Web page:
1st entry from in country. If Uganda is the Pearl of Africa then Kampala is the heart of the Pearl of Africa. The city is nigh undescribable for the fact that it simply has no comparable measure. Driving via bus to the center of the city, the outlying distrcits are streets jammed with shop after shop, each roughly the same size as my parents bedroom, or even their closet in some cases. All trade seems to be represented: food clothes, hardware, internet, phones, hair stylists (which upon further investigation is you a man with a beard trimmer that shaves your head regardless of what you tell him), lumber, bricks, concrete, butchers, shoes, auto repair and those are just the ones which can be judged by their signs & wares. The green of the trees and vegiation is pervasive to the point of being overwhelming, which is wonderful for a desert dweller like myself. The color is then contrasted by the iron oxide rich earth which has no end. Between earth, sky and tree, one can scarce believe the civilization that has grown to be the "4th" color which makes up the fabric of Uganda.
As the city "center" (as much as it can be called that) comes closer, more size recognizable buildings become visible. Eventually we disembark next to the parliament building and begin our stroll. I say stroll because to walk at "American" pace as our guide calls it would take all of 2 hours to find and accomplish the tasks we had been allotted 7 hours for. This area of the city is similar to most other densely metropolitan centers: trees, shrubs, sidewalks (all of which are maintained and manicured by hand) shadowed by large buildings with storefronts. One need only to walk in a given direction for the template to change. Shopping centers with what seems like an army of security guards are our first stop. And they ARE an army. They have numbers, uniforms, AK-47's and pistol grip crowd-pleaser shotguns enough to be near indistinguishable. Apart from the mercenaries, the shops may as well be the malls where I spent some of my misplaced college years. A simple jaunt down the street and you find yourself in what would remind you of the southwest: dry, dusty roads with low buildings so the sun hits more fiercely and a definite sense of the open space which typifies New Mexico. Much of the rest of the city is exactly as you would imagine a large city. There are cars, restaurants, shops bookstores, phone shops, food courts (all with armed guards).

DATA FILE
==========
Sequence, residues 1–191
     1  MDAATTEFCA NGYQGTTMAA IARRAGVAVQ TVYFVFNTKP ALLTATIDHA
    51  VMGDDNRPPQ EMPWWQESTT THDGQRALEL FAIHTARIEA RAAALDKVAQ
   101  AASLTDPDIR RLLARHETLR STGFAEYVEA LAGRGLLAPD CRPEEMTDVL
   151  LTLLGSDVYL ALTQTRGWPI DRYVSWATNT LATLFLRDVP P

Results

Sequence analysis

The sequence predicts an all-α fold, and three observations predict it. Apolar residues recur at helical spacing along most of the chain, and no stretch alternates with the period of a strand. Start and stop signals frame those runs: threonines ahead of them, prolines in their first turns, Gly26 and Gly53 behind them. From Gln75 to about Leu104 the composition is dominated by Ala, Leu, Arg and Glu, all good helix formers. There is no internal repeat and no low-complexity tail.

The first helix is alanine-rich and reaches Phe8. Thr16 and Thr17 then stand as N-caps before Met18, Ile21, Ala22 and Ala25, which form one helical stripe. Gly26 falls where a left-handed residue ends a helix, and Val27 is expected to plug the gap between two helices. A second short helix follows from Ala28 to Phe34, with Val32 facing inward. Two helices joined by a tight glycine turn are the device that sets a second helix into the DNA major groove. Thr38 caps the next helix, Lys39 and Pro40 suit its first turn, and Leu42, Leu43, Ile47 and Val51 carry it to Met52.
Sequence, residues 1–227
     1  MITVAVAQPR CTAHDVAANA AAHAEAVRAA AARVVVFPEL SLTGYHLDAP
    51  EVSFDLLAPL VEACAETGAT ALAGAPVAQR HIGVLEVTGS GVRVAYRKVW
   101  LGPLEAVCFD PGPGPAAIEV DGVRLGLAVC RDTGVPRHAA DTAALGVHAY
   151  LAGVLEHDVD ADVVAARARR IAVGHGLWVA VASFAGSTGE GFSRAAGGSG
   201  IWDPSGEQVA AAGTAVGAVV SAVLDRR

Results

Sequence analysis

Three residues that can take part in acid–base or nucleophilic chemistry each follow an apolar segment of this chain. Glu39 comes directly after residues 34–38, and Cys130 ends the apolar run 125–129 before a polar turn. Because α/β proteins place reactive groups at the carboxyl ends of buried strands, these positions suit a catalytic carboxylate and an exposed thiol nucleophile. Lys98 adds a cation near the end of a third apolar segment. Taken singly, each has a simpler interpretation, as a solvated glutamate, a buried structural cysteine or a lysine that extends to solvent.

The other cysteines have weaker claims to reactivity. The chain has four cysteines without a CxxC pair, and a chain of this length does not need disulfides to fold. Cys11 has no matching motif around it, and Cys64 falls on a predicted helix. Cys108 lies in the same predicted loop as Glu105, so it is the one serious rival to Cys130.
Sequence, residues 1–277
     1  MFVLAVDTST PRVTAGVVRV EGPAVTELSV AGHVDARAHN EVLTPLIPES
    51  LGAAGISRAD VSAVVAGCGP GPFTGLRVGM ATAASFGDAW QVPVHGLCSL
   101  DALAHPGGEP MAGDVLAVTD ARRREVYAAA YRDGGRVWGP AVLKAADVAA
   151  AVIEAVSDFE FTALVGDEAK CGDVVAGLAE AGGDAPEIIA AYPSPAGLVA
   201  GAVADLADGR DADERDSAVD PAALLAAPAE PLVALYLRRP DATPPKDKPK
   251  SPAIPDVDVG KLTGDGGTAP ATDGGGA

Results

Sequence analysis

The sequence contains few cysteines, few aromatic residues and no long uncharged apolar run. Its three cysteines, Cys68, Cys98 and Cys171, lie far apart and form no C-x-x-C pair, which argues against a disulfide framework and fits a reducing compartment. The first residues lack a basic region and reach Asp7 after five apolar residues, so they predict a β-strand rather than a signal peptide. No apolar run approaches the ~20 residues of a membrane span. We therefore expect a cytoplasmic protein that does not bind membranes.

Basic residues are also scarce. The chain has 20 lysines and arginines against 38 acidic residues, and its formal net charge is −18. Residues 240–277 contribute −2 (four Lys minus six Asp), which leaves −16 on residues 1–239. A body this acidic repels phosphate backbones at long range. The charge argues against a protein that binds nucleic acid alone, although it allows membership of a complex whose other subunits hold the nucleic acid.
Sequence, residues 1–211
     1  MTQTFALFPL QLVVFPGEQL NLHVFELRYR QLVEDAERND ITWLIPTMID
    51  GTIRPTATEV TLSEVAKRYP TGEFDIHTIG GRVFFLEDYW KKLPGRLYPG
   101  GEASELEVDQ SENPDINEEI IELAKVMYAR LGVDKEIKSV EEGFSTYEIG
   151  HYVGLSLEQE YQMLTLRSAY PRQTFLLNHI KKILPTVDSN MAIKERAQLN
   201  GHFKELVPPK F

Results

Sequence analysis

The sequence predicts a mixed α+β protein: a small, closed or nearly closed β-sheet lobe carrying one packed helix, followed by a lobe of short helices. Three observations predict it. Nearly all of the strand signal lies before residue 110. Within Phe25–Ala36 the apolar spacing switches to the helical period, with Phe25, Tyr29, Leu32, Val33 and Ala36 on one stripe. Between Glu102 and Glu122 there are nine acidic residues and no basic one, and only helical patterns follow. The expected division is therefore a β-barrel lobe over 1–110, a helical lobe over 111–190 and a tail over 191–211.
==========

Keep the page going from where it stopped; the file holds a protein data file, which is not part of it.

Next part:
Which brings me to the bus and taxi parks. There is an old and a new "park" for both taxi's and buses and are all truly breathtaking. Mainly because you can scarce believe this Juggernaut of chaos and movement exists (also the fumes). A good description would be a hedge maze where somewhere in it is the vehicle going to the town you want... except the hedges are made of taxi's... and they're always moving. Also, as with the Tijuana entry point, there are merchants hawking wares. But the taxi park merchants took merchant steroids to get into the merchant Olympics and are the reigning champ because they put the judge in a head lock and are force feeding him something fried for 2000 shillings.
*interesting factoid: Kampala has traffic lights; maybe about 7 of them. They are lumped in with stop signs, yield signs, speed limits, passenger capacity and lane lines under the heading "suggestions".